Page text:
I’m delighted to welcome Liz Harris to my blog today. With law and English degrees under her arm and experience of living in California and teaching teenagers in the UK, Liz started writing. She belongs to the Romantic Novelists’ Association, The Historical Novel Society and is a member of the Oxford Writers’ Group, where she has contributed to their fourth anthology of short stories. Her debut novel, The Road Back, was published in September.
How did you start writing?
I have always loved writing essays, tasks given at school, letters to friends, but it never occurred to me to write a novel until my sons were aged 2 and 3, and so in bed at a fairly early hour, and my husband, a head teacher at the time, was frequently out in the evenings. Since there was a limit to how many letters I wanted to write in an evening, I decided that it might be fun to write a novel. And it was.
I received a lot of encouragement for that first attempt, but couldn’t follow through the advice I was given as the demands of the family took over. Years later, when I once again had some free time, I remembered the thrill I’d felt when I first put my finger to the key and begun to create a world that hadn’t existed until that moment, and I put my finger to the key again …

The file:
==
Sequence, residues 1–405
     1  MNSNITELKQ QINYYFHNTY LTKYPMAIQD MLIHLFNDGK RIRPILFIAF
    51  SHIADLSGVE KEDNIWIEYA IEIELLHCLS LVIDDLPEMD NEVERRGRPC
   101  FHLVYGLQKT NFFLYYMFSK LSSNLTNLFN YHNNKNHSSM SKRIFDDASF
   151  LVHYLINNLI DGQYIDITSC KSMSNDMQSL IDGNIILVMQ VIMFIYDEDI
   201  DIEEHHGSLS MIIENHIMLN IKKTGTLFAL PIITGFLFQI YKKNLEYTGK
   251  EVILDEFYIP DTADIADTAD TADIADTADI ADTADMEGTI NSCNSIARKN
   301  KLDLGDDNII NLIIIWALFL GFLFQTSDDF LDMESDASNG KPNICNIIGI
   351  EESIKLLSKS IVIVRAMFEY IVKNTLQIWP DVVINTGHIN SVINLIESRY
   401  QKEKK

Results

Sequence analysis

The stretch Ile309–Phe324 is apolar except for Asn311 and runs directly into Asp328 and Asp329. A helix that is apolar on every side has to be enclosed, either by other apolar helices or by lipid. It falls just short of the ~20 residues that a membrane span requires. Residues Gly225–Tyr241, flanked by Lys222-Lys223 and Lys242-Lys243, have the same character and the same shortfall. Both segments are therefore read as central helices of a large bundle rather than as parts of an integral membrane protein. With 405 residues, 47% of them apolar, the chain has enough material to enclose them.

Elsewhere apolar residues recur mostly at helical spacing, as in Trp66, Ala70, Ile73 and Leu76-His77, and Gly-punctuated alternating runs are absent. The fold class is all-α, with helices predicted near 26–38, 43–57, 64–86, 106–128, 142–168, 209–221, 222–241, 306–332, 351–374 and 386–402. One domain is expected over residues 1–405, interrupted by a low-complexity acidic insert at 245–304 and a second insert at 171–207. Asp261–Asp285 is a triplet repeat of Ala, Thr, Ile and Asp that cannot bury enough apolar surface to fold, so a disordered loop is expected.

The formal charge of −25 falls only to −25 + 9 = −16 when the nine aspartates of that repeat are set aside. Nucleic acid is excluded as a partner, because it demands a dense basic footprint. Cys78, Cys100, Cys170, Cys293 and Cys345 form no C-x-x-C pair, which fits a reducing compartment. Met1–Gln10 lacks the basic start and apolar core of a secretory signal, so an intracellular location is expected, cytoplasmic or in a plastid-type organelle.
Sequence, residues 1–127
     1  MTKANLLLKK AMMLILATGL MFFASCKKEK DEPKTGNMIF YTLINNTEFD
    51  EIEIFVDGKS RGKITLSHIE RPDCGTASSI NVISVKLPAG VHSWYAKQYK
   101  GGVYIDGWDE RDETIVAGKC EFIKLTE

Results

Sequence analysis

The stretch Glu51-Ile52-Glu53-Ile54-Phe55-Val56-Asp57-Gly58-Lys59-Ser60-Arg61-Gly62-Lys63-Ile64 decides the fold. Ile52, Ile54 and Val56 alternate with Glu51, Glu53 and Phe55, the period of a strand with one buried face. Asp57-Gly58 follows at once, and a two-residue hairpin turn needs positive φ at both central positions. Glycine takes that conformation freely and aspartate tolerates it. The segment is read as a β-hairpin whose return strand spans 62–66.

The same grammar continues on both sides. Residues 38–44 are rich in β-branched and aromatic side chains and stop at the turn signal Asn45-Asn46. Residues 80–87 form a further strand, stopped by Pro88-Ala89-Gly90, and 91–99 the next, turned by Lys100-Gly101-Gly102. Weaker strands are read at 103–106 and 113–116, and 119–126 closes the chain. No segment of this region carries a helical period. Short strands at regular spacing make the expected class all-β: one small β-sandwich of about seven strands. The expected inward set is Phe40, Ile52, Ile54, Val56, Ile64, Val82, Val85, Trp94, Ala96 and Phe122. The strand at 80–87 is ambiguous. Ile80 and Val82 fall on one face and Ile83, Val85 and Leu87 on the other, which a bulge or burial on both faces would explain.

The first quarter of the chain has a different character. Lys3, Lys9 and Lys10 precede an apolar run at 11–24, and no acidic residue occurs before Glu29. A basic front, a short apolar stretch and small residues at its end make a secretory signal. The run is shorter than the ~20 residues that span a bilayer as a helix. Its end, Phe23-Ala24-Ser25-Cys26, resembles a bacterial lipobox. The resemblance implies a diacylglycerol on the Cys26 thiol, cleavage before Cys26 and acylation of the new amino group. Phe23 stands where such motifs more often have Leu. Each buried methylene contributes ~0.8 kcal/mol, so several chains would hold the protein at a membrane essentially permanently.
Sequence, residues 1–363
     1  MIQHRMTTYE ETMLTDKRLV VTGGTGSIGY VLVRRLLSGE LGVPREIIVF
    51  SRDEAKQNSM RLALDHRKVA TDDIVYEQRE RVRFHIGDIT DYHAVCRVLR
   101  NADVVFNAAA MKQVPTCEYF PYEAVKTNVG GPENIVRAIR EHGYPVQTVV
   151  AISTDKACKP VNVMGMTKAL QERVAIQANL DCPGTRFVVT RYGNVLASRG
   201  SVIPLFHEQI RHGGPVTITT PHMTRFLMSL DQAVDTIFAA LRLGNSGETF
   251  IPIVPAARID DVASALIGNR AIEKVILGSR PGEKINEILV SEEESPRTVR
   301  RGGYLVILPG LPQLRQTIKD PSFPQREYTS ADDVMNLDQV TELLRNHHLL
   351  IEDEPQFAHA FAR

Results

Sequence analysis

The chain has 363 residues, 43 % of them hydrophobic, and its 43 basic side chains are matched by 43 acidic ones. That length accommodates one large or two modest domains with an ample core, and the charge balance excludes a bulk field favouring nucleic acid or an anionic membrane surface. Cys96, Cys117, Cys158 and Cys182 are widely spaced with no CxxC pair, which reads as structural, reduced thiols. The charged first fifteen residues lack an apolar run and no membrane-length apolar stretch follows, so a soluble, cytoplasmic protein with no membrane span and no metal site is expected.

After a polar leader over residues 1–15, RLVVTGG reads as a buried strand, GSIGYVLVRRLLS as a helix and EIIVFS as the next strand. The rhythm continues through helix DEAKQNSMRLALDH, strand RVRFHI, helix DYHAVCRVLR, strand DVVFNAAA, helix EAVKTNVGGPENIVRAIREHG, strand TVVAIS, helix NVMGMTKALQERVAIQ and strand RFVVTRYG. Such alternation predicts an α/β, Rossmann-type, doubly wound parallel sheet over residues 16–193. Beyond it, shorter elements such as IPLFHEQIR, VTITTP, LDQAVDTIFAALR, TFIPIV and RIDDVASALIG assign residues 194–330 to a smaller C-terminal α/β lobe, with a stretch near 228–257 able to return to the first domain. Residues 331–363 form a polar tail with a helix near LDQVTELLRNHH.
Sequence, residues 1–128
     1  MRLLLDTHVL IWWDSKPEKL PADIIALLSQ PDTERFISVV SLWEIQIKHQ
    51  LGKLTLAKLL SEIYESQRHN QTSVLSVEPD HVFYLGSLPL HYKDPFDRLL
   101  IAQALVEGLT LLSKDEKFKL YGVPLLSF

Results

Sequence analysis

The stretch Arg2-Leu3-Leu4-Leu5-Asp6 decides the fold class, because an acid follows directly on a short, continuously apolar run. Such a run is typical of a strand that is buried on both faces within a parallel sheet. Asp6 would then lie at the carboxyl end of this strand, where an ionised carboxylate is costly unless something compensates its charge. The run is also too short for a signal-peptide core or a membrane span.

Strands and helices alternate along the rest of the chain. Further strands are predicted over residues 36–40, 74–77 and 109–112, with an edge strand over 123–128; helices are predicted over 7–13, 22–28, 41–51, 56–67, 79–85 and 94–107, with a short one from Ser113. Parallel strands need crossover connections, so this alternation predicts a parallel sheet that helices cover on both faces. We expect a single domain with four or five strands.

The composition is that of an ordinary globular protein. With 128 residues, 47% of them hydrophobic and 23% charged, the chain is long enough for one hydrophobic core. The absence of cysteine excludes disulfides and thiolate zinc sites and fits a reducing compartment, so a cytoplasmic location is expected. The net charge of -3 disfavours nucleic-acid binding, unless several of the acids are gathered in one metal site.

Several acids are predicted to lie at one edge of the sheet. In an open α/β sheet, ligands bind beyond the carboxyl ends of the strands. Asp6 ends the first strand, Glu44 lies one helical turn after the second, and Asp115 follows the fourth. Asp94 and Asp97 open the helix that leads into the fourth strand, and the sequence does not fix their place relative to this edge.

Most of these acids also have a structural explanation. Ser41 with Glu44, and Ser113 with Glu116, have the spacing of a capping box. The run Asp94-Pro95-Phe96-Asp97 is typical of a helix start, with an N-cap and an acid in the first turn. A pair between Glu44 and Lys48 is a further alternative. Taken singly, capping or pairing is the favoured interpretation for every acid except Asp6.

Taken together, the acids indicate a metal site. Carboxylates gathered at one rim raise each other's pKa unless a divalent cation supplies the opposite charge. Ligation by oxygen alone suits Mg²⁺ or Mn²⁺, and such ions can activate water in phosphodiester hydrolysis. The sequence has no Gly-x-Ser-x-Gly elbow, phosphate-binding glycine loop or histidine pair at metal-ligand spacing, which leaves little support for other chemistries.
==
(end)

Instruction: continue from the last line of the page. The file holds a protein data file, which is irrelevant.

You and I met through the Romantic Novelists’ Association. What drew you to the romance genre?
I’ve written novels in more than one genre. At the time I did so, I didn’t realise the difficulties that that would pose. I began with a novel that had a dark theme, and followed that with Evie Undercover, a romantic comedy set in Umbria, an area I know well, which is now out on a Kindle exclusive.
The idea behind Evie dictated the genre – it could only be a romance.
The Road Back is romantic fiction, different in that it lacks what I see as an essential part of the definition of romance – an element of fantasy/wish fulfilment. Patricia and Kalden are real people, with real families (Okay, only in my mind, but what’s in one’s mind is very important). Theirs is a love story, grounded in the world that existed at their time.
P.S. The RNA has done many good things. Introducing us was one of their best!
I believe that Ladakh, the setting for your book The Road Back (just out!), is sometimes called “Little Tibet”. Do you have a particular affinity with the area?
The connection is that my late uncle, when stationed with the army in North India, went on a visit to Ladakh. When he came back, he compiled his copious notes and photographs into an album and gave it to his daughter. Three years ago, my cousin contacted me from Australia and asked for help in finding a home for the album.
It’s now in the Indian Room of the British Library, and in the two weeks between its arrival in England and my handing it over to the Library, I read it and fell in love with an area about which I had known nothing prior to reading the album, and I knew that I had to set a story there.
Your pocket novel, A Dangerous Heart, published in March, was set in Umbria. Do you prefer settings abroad?